Pre-Draft Needs: OLT, WR (speed), OLB, CB, DE
Round 1-Stephon Gilmore/CB
Round 2-Cordy Glenn/OT
Round 3-T.J. Graham/WR
Round 4-Nigel Bradham/LB
Round 4-Ron Brooks/CB
Round 5-Zebrie Sanders/OT
Round 5-Tank Carder/LB
Round 6-Mark Asper/G
Round 7-John Potter/K
OLB, DE, QB
The Bills put together an outstanding free agency period, but various needs from both sides of the ball remained as they entered April’s NFL Draft.
While cornerback wasn’t a big need as some others, the Bills needed to add competition and depth to the position. First-round pick Stephon Gilmore will not only add depth, but he’ll be expected to start this season. Gilmore was easily one of the top-three cornerbacks available for this draft, so the Bills should have a starter for many years to come. And what’s best about him as he’s capable of playing inside or outside.
Second-round pick OT Cordy Glenn will compete right away against second-year OT Chris Hairston for the LT job. Glenn isn’t a prototypical LT in body type, but he has good enough size for the position. However, he may have to lose a bit of weight to stay up with the speed rushers in the NFL. Some personnel evaluators projected Glenn to play inside at guard, but the Bills are solid there with Kraig Urbik and Andy Levitre.
The one big issue on offense for the Bills for many seasons has been finding speed at wide receiver. They addressed that issue with the selection of T.J. Graham in the third round. Graham might be a little raw at this point in his career, but he can flat out fly. And while he enters the learning stage of his career this season, Graham could challenge for a role as a special teams returner.
The Bills addressed the lack of depth at linebacker with the selection of fourth-rounder Nigel Bradham. Bradham is capable of playing inside or outside at linebacker, but projects to play at either outside position at the NFL level. With the transition from a 3-4 to a 4-3 defensive scheme this season, Bradham might project best to WLB. With former first-round pick Leodis McKelvin on the final year of his rookie contract and seemingly unlikely to be offered a deal to return in 2013, the Bills addressed depth at cornerback in the fourth round with Ron Brooks. Brooks only had one year of starting experience at LSU, but his tape last season was good enough to warrant a longer look. Brooks projects as a third or fourth cornerback at the NFL level because of his lack of experience at the position. He came to LSU as a wide receiver.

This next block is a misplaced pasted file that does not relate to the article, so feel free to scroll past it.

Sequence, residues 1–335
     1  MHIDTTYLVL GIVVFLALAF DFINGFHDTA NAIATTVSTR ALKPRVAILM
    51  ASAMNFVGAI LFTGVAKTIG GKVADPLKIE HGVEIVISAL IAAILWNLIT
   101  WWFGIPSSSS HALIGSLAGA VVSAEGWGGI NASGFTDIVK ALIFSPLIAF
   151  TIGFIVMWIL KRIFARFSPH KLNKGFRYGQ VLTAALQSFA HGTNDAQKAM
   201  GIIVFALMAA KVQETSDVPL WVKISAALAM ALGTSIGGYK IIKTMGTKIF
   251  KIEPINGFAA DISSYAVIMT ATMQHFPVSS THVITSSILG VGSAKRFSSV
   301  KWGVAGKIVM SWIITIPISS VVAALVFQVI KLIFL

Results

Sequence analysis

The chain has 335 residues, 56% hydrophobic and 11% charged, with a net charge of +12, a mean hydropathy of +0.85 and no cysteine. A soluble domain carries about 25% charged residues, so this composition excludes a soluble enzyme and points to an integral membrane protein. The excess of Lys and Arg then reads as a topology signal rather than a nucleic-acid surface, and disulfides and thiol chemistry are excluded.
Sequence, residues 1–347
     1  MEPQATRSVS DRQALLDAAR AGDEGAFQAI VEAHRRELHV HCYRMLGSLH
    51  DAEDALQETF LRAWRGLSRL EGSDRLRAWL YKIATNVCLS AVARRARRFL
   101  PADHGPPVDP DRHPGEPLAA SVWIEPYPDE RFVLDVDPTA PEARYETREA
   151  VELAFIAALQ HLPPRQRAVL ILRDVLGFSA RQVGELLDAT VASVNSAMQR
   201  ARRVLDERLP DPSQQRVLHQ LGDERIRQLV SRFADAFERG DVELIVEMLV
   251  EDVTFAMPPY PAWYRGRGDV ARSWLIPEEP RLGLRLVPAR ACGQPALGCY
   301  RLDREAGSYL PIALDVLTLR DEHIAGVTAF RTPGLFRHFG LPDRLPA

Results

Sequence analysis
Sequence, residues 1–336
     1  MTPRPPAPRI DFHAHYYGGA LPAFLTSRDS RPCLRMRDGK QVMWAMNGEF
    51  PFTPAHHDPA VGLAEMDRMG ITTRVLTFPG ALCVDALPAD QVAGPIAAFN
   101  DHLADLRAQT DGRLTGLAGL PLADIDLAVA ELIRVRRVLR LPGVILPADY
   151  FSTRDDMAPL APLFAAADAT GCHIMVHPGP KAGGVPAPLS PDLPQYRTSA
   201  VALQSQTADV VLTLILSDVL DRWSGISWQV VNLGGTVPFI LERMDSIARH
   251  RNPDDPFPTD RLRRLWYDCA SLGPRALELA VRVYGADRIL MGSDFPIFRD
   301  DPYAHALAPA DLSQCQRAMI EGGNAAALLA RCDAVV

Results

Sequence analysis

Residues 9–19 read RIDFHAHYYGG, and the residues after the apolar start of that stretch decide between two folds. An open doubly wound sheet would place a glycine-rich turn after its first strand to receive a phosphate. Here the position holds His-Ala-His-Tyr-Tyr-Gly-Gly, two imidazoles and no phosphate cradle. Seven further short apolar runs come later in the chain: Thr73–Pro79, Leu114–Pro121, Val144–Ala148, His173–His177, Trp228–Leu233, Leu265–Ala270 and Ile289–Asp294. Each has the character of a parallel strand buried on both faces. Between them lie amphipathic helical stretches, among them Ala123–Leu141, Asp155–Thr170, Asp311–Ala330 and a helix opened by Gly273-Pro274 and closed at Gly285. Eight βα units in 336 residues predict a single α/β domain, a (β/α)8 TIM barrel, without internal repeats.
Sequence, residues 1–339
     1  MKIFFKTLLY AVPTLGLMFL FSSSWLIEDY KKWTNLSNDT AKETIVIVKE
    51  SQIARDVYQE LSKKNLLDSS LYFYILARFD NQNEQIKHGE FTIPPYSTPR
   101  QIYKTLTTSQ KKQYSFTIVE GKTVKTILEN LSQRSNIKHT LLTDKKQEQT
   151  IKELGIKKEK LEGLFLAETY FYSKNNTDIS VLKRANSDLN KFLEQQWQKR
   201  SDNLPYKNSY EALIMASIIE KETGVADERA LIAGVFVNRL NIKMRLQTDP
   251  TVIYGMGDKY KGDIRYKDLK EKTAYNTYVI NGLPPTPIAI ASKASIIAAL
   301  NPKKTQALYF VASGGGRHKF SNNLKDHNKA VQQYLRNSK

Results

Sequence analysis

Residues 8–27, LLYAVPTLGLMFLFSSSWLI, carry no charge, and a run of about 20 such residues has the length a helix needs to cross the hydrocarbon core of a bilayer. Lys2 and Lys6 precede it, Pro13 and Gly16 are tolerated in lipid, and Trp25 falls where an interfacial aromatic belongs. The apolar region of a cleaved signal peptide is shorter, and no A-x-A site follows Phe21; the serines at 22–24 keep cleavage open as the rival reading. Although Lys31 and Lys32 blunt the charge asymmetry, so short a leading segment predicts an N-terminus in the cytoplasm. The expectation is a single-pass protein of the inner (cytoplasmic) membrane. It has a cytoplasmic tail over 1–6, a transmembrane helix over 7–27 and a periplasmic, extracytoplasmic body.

Fifth-round pick Zebrie Sanders played right tackle in college. And when looking at depth at the position, it makes sense to put him in back of veteran Erik Pears, where the team has no true backup. Sanders did also have experience at left tackle as a senior, so it’s possible they get him some snaps in training camp on that side. Fellow fifth-rounder Tank Carder is capable of playing all three linebacker positions for the Bills’ 4-3 scheme, but is projected to play on the outside. While he has better than average coverage skills for a linebacker, he may not have enough bulk to play on the strong side.
Sixth-round pick OL Mark Asper has a big body and is capable of playing guard or right tackle. The guard position lacks depth for the Bills, so it makes more sense to keep him inside.
The selection of seventh-round pick K John Potter was kind of surprising considering the Bills re-signed veteran K Rian Lindell through 2015. However, the Bills are looking at the rookie as a potential kickoff specialist.
The Bills should get at least two starters out of this year’s NFL Draft. And looking at what they did in free agency, you could certainly make a case that this is the strongest roster they’ve put together in many years.